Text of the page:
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Behind the Podcast : Danielle LaPorte on Unmistakable Creative

Lesson 2 of 3

LIVE Production: Unmistakable Creative

 

Behind the Podcast : Danielle LaPorte on Unmistakable Creative

Lesson 2 of 3

LIVE Production: Unmistakable Creative

 

Lesson Info

LIVE Production: Unmistakable Creative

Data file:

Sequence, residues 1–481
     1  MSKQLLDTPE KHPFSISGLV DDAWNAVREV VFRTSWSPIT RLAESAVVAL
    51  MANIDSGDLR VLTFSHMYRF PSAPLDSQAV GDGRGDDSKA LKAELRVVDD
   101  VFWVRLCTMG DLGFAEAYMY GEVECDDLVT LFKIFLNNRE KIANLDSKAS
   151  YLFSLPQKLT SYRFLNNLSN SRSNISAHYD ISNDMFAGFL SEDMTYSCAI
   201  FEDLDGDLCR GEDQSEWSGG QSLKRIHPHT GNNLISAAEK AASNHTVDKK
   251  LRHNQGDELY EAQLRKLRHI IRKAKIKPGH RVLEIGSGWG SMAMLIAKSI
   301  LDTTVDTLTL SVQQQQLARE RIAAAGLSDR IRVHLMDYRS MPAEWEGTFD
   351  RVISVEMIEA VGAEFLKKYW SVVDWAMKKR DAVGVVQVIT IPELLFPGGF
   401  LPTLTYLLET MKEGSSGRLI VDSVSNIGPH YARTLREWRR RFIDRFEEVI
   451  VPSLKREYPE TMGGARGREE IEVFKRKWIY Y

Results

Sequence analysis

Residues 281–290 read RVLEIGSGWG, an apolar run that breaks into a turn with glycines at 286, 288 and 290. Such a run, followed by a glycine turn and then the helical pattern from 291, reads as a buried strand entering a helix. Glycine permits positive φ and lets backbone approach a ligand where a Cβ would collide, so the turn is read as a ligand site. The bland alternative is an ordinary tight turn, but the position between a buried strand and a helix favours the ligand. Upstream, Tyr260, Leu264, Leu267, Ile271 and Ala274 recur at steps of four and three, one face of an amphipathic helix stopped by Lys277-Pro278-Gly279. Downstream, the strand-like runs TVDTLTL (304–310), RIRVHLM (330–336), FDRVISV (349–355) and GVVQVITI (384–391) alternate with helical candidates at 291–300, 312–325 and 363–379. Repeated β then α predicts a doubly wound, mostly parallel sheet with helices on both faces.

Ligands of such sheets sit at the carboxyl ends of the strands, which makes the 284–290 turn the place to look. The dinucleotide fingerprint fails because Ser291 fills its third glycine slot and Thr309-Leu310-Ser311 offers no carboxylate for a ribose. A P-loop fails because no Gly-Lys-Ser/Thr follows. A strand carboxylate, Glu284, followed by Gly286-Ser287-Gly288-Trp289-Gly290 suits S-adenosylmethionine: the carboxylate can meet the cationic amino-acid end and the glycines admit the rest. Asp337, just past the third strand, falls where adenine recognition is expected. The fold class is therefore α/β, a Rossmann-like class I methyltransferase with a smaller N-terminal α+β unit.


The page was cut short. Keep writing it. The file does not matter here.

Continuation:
Would you help me welcome Danielle out here? (congregation cheers and applauds) Cheers. Hi. Hello, my friend. Hey, Danielle. How's it going? Good. Welcome back to the Unmistakable Creative for the fifth time. Number five. Am I like a record-holder? You are the record-holder. Oh, I love it. I never win stuff. You're not only the only guest to have appeared five times, but you are probably the single-handed largest referrer of new listeners to Unmistakable Creative. That's 'cause you give great interviews, yeah. Thank you. Well, you are a fantastic guest, so that makes it easy. I wanted to start with something that I haven't asked you before. What did your parents do for a living, and what impact did that end up having on the choices that you've made with your life and your career? My parents for a living, various things. My mother, I mean, one of my first memories of being out in the world is my mother taking me with her to college. So, my parents got knocked up in...